book reviews
## Short reviews of recent technical and scientific booksreviewed by T. Nelson |

by Wolfgang Rindler

Oxford, 2006, 430 pages

Reviewed by T. Nelson

An outstanding introduction to general relativity. Rindler is a recognized expert on relativity and offers a unique perspective and deep conceptual insights. He starts with a geometrical approach and gives the clearest and most accessible explanation of tensors I've ever seen. I highly recommend reading this one before, or even after, reading one of those 1200-page clunkers. See here for more details.

There were lots of mosquitoes outside when I was reading this book. For some reason they seemed to be particularly interested in the section on Special Relativity between pages 31 and 162, though I doubt they understood much of it. And they paid the price.

This has become my favorite book on relativity. I can't praise it highly enough.

*dec 29, 2017*

by Bernard Schutz

Cambridge, 2009, 393 pages

Reviewed by T. Nelson

Another outstanding introduction to general (and special) relativity. Doesn't cover everything, but Schutz makes the derivations easy to follow, and emphasizes conceptual understanding and not just the math. See here for more details. The last chapter on cosmology is more astronomy than physics.

*dec 29, 2017*

by G. V. Bard

AMS, 2015, 352 pages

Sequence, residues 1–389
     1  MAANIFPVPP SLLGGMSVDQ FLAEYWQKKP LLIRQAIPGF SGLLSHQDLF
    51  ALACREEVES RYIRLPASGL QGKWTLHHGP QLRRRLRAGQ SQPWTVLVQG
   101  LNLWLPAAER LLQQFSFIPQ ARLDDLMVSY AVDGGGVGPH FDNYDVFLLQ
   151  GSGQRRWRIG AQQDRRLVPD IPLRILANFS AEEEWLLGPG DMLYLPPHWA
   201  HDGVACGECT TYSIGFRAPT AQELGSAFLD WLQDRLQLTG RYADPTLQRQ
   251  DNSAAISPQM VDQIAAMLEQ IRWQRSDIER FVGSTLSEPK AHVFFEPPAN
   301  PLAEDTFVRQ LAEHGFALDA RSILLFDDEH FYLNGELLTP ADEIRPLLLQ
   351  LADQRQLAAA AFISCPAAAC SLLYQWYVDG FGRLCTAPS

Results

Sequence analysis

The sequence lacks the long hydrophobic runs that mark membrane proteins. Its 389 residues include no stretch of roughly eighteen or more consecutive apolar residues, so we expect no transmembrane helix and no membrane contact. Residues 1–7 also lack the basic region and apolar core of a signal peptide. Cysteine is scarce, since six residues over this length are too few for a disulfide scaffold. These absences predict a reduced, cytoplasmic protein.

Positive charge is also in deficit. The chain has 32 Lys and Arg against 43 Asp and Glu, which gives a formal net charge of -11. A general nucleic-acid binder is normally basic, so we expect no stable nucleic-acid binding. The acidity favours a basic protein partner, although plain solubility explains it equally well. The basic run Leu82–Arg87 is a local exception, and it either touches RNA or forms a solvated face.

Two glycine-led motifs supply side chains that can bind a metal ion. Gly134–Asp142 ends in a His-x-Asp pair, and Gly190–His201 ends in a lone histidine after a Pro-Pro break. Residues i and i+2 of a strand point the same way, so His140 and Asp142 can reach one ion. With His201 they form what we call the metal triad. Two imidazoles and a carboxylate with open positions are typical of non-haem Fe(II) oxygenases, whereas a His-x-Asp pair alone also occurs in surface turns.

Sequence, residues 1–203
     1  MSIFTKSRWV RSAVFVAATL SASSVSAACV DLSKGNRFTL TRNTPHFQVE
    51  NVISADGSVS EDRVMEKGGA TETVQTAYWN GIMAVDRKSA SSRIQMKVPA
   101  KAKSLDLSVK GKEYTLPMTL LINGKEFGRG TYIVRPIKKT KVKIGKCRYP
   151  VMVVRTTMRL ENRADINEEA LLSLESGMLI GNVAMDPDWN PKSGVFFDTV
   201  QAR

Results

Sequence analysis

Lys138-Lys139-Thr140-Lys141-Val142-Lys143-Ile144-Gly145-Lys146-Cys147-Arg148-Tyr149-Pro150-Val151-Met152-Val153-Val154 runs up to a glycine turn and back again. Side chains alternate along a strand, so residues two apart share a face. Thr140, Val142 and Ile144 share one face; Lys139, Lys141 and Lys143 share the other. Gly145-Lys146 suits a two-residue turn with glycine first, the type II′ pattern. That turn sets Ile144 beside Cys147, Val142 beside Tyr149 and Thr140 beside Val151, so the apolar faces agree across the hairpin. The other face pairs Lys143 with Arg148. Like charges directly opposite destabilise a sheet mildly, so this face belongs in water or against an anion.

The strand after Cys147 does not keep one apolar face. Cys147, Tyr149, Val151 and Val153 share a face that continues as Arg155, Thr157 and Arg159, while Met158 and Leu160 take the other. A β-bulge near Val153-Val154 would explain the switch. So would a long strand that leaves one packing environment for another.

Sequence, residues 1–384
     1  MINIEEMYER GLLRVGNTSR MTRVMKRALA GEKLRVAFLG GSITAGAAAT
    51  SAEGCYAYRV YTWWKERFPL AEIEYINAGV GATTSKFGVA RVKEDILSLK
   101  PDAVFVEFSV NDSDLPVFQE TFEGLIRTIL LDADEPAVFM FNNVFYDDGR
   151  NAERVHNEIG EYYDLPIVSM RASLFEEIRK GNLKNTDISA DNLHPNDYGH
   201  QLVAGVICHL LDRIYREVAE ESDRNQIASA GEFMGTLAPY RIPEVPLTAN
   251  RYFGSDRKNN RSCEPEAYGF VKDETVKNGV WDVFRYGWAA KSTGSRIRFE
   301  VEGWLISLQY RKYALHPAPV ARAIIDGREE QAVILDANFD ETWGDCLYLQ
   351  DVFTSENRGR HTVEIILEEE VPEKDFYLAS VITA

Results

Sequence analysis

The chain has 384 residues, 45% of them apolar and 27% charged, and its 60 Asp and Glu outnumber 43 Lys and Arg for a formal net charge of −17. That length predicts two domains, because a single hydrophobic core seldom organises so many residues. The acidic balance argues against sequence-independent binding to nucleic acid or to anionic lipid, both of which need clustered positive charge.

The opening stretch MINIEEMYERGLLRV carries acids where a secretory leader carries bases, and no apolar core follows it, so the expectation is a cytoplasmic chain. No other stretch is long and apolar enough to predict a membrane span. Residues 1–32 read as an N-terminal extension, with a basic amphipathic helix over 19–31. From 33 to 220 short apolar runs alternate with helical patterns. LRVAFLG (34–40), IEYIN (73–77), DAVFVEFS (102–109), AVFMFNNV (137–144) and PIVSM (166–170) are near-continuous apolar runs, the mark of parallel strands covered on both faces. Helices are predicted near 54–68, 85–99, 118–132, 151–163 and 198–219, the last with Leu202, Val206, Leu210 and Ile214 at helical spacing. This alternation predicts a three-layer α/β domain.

Reviewed by T. Nelson

This is a light introduction to Sage, a powerful Python-based math and graphics language, for people who don't want to go to the trouble of actually installing it. It's not really a tutorial, but a description of how you might use it to solve math problems. A typical example uses Sage to calculate Lagrange multipliers. Bard describes how applying Sage in the normal way would screw up this task. He shows the error messages it produces, and gives advice about how to proceed.

The main disadvantage of this book is its reliance on the online version of Sage at https://sagecell.sagemath.org. The website actually exists (for now). But websites are the ultimate in drop-dead software. Maybe this one (and, heaven forbid, JavaScript) will continue to exist five years from now, or maybe not. If you're going to get dependent on Sage, I'd recommend a book that tells you how to install it so you don't get caught high and dry.

*dec 29, 2017*

Mark M. Wilde

Cambridge, 2017, 757 pages

Reviewed by T. Nelson

This large book tries to cover everything. It has many pages on various aspects of classical information theory and lots of background on quantum mechanics. There's a lot here, including lots of exercises, and lots of theory, but really, there's not all that much that's unique about quantum information theory, so much of it would already be familiar to anyone who's studied information theory, coding, cryptography, and similar topics. Nielsen and Chuang (reviewed here) is still good for most of this stuff. Surprisingly, there's little here on how to build or program quantum computers, so you'll have to look elsewhere for that.

Disclaimer: I have not yet finished reading this book.

*dec 29, 2017*

Carlo Rovelli

Riverhead, 2018, 240 pages

Reviewed by T. Nelson

I had tears in my eyes after reading this little book on the physics of time. Not because it is so beautifully written, or because his nontechnical explanations of the latest thinking about what time may be are so clear, but because I became immensely jealous of Rovelli's erudition and his writing skill. And even more so because he gets paid to work on this stuff. More than anything else, what I learned from this book is that I hate Carlo Rovelli.